Florida tourist attractions – Big Cypress National Reserve, the Everglades

While pre-existing development is allowed to continue, with limits, on this 1,139-square-mile preserve, its federal protections generally make it feel as wild and natural as the Everglades park. And that’s a good thing, since the rains that flood its wetlands are an integral part of the ecosystem that keeps the Everglades green, lush, and vibrant. Recently, the park entered into an interesting ‘Sister Parks Understanding’ with a similar park in Guatemala, Laguna del Tigre National Park. The two parks share closely related habitats and management issues, and will now be able to share technical assistance and resource expertise.

About 45% of the cypress swamp (which is not a swamp at all but a group of mangrove islands, hardwood hammocks, cut pine islands, grasslands, and swamps) is a protected reserve. The large bald cypress trees have all but disappeared from the area, as the logging and other industries took their toll before the reserve was established. These days, dwarf pond cypresses fill the area.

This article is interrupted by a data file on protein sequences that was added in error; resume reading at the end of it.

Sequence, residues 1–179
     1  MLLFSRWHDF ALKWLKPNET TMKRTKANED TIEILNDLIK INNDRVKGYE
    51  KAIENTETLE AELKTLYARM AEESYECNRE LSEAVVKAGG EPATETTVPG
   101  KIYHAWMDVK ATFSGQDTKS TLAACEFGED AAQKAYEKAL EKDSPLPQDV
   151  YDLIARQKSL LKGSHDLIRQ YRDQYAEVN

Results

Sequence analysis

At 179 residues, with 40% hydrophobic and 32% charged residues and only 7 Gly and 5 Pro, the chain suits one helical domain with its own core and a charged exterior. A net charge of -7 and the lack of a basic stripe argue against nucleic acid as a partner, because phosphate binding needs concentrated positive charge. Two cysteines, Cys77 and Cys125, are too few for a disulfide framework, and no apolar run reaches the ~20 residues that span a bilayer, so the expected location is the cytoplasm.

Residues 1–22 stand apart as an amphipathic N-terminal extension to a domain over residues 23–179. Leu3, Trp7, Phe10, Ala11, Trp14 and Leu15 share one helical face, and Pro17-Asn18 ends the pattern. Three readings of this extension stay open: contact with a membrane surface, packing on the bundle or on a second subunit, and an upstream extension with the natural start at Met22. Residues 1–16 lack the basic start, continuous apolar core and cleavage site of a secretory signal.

Why is it called Big Cypress then? Because of the size of the reserve, not because of the cypress trees inside. Resident wildlife includes alligators, snakes, wading birds (white ibis, wood storks, tri-colored herons, and egrets), Florida panthers (rarely seen), wild turkeys, and red-cockade woodpeckers. Find more information at the Big Cypress Visitor Center (941-695-4111; 8:30 a.m. to 4:40 p.m.), about 20 miles west of Shark Valley, or at the National Preserve Headquarters (941-695-2000; 8 a.m. to 4:30 p.m., Monday through Friday), just east of Ochopee.

You’ll find 31 miles of the Florida National Scenic Trail, maintained by the Florida Trail Association, within Big Cypress National Preserve. From the southern end, accessible by car via Loop Rd, the trail runs 8.3 miles north to Tamiami Trail, passing the Big Cypress Visitor Center. There are two fairly primitive campsites with watering holes along the trail. All-terrain vehicles may cross, but not operate in, the FNST. For the less adventurous, there is the Tree Snail Hammock Nature, Trail, near Loop Rd.

Highway vehicles can travel on Loop Rd, a rutted dirt road, and on Turner River Rd, which runs directly north from Tamiami Trail. There are wildlife viewing opportunities along the entire stretch of Turner River Rd, especially in the Turner River Canal, which runs along the east side. The road leads to the northern part of the reserve where all-terrain vehicles are allowed.

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